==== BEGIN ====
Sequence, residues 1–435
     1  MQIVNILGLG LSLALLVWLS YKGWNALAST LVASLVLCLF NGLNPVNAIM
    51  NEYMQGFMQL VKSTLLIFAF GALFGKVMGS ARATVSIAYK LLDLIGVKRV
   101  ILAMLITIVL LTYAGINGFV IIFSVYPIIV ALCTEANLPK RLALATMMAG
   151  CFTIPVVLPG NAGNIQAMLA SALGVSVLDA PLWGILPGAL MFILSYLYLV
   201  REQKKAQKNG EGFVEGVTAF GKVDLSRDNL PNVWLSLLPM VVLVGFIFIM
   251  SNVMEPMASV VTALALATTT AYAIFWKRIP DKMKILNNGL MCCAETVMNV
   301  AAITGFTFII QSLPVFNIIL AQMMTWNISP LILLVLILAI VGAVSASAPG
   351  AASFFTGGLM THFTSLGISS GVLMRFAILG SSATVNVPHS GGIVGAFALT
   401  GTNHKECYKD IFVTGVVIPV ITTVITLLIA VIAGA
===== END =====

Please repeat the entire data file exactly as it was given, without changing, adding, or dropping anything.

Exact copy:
Sequence, residues 1–435
     1  MQIVNILGLG LSLALLVWLS YKGWNALAST LVASLVLCLF NGLNPVNAIM
    51  NEYMQGFMQL VKSTLLIFAF GALFGKVMGS ARATVSIAYK LLDLIGVKRV
   101  ILAMLITIVL LTYAGINGFV IIFSVYPIIV ALCTEANLPK RLALATMMAG
   151  CFTIPVVLPG NAGNIQAMLA SALGVSVLDA PLWGILPGAL MFILSYLYLV
   201  REQKKAQKNG EGFVEGVTAF GKVDLSRDNL PNVWLSLLPM VVLVGFIFIM
   251  SNVMEPMASV VTALALATTT AYAIFWKRIP DKMKILNNGL MCCAETVMNV
   301  AAITGFTFII QSLPVFNIIL AQMMTWNISP LILLVLILAI VGAVSASAPG
   351  AASFFTGGLM THFTSLGISS GVLMRFAILG SSATVNVPHS GGIVGAFALT
   401  GTNHKECYKD IFVTGVVIPV ITTVITLLIA VIAGA